Across the world, the start of 2017 has been met with a certain degree of trepidation. Beyond the widespread, if inaccurate, belief that 2016 was a particularly bad year in terms of celebrity deaths (an artifact of the increasing number of aging celebrities and public figures following the explosion of mass communication in the 1960s, coupled with the amplification of awareness and grief due to social media), the previous year also saw the rise of right-wing populist movements and leaders in Europe and the United States, with the election of Donald Trump in particular boding ill for the future. In this context, the notion that things could only get worse in 2017 before they get better is not entirely unfounded.

In Pakistan, by contrast, the new year has been welcomed in some quarters with what could only be called guarded optimism. There are several reasons for this; there is a sense that the economy is picking up, CPEC continues to be invoked as a long-term panacea for a number of the country’s ills, a new army chief has been selected without controversy or conflict, most indicators suggest levels of militancy and terrorism are in decline, and the PML-N government appears to have weathered a number of storms that threatened to derail Pakistan’s fragile process of democratization. While events continue to demonstrate how life in Pakistan remains tumultuous and unpredictable, it seems that the country might finally be inching towards a degree of stability.

Much of this is true, but it would be premature and indeed dangerous to be lulled into a fall sense of security. Credit must be given where it is due, and achievement recognized when accomplished, but the challenges Pakistan continues to face are daunting, and there is little reason to believe that the state recognizes precisely how difficult the path ahead is.

Barely a week into 2017, several events have demonstrated the fundamental structural problems that the country will inevitably confront for the forseeable future. For starters, Pakistan’s travails with regards to the Indus Waters Treaty indicate a worrying lack of strategy and capacity for evolving a workable framework within which it can pursue and safeguard its interests with regards to sharing water with India. Part of the problem here, of course, is an often anatagonistic attitude on the part of the Modi government in India, but it would be misleading to suggest that that is the only issue. As several experts have pointed out over the past week, Pakistan might also lack the bureaucratic expertise to effectively engage in the complex negotiations underpinning the arbitration of its water disputes with India.

Similarly, while the default narrative in Pakistan is one that blames India for being unfair and unjust in its use of the rivers in the Indus basin, alleged Indian intransigence cannot be separated from the underlying reality of hostile relations between the two countries. Put differently, continued confrontation between India and Pakistan, egged on by hawks on both sides, will effectively ensure that efforts at diplomacy and negotiation will fail. Given that climate change poses a severe threat to the well-being of the people of South Asia, one of the most water-stressed parts of the world, the notion that the joint challenges confronted by India and Pakistan can be resolved amidst acrimony and distrust is extremely myopic. In this case, Pakistan does not simply need to ‘have its voice heard’ on international forums, it also needs to explore the possibility of repairing relations with India in order to pursue mutually beneficial goals in the future. The same is true for India; it may be bigger and more economically powerful than Pakistan, but persistent hostility on its Western border amidst ever-escalating stakes can be nothing but a promise of future insecurity.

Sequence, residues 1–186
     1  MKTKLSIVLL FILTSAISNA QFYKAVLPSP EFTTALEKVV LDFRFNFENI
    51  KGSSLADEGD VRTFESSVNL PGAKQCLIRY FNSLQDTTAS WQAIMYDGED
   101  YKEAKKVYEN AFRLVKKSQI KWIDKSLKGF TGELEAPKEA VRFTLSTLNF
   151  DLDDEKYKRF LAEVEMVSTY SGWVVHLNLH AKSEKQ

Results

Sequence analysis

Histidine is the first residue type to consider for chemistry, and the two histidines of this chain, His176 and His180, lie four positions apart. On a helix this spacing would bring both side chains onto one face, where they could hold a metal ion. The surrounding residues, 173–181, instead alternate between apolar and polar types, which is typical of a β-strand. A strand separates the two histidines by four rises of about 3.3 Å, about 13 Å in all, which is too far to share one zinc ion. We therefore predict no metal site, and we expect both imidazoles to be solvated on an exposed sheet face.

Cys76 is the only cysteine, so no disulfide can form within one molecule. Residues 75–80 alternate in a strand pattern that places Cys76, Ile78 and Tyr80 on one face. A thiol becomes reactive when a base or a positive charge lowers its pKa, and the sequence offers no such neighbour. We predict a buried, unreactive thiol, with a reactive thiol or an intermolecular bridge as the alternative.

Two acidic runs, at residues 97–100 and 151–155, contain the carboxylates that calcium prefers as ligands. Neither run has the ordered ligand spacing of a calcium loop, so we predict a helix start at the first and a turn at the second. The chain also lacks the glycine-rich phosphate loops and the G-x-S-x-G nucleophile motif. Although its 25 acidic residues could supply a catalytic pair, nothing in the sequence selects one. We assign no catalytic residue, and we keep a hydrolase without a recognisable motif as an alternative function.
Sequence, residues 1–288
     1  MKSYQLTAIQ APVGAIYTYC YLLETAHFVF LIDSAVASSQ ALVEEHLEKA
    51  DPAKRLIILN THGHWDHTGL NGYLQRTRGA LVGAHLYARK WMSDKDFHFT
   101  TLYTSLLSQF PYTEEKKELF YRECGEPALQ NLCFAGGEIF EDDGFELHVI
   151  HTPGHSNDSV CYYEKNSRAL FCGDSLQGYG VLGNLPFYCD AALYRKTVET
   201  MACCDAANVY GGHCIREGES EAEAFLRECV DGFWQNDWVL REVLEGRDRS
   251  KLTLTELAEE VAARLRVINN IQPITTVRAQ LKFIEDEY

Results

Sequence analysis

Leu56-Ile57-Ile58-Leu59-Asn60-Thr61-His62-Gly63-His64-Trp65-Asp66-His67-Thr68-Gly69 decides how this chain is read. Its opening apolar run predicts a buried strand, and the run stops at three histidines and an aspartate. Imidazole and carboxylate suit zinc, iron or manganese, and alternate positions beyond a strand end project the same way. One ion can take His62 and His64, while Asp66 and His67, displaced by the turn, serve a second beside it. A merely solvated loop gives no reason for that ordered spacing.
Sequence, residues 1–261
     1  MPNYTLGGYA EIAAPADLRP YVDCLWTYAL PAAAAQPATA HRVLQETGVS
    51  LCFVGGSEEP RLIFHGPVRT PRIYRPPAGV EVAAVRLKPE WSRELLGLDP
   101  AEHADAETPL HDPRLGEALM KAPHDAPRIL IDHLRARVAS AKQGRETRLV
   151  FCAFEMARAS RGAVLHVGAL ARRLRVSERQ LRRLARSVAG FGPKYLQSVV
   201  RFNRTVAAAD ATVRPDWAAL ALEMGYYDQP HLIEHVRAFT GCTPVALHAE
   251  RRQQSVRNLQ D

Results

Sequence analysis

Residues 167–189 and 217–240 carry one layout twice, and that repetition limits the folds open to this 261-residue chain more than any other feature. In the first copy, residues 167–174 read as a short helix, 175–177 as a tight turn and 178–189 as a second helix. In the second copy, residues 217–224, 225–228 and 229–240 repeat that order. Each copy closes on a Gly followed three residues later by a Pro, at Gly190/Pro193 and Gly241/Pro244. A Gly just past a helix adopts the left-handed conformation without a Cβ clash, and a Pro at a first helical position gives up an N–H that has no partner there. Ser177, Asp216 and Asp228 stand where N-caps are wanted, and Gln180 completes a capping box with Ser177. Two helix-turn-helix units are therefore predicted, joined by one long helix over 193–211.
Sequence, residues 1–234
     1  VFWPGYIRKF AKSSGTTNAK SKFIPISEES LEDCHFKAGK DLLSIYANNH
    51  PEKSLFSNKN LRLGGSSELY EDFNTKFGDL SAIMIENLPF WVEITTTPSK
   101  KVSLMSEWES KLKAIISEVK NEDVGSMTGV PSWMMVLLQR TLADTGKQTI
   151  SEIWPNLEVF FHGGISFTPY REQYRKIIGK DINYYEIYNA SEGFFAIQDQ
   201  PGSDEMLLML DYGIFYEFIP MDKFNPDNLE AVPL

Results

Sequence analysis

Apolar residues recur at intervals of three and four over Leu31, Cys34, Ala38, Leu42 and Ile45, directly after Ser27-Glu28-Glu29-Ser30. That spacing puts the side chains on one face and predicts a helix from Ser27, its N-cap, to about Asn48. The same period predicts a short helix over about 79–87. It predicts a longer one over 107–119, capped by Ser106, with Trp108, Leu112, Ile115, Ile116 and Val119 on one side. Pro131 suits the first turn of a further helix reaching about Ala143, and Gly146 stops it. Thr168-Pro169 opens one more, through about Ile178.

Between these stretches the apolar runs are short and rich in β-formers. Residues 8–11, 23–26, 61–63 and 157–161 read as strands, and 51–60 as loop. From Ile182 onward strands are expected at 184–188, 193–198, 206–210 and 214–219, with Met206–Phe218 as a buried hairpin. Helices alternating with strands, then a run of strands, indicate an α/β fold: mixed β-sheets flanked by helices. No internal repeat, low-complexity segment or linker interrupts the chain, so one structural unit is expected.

On a different note, the new year has also already witnessed the first mass outbreak of religious extremism in Pakistan, with the death anniversary of Salman Taseer being marked by the city of Lahore being brought to a standstill by protests launched by virulently sectarian groups vowing to wreak terrible destruction upon all who refuse to condone their message of hate and bigotry. While some welcomed the Punjab Government’s response to the threat, with pre-emptive blockades, the deployment of riot police with tear gas, and the arrest of over 100 activists signifying a more firm approach to the problem than demonstrated in the past, the fact remains that these groups were able to preach their intolerance and incite violence with a great degree of impunity; the leaders of these outfits continue to openly promote their cause, and their followers continue to harass and intimidate their opponents online and on the streets of the city. To add insult to injury, students from several universities, including LUMS and UET, were pre-emptively arrested by the Punjab police when they attempted to hold a small vigil ‘To Save Humanity’ outside the Lahore Press Club on Friday. While the students were told they were being held for their own security, it could be argued that this was yet another case of the government suggesting that there is some kind of equivalence between foaming fanatics wishing nothing more than to spill blood on the streets of Lahore, and students simply asking for peace, love, and tolerance.

Much of the focus on the fight against extremism has revolved around the issue of explicit acts of violence. What often goes unremarked is the fact that three generations of Pakistanis have been fed a steady diet of dogma and intolerance, and that dealing with this is going to require more than just bombs and bullets. Unless there is a credible commitment to the idea of de-radicalizing society and actively taking a stand against the groups and leaders who continue to foment intolerance, things will continue to get worse.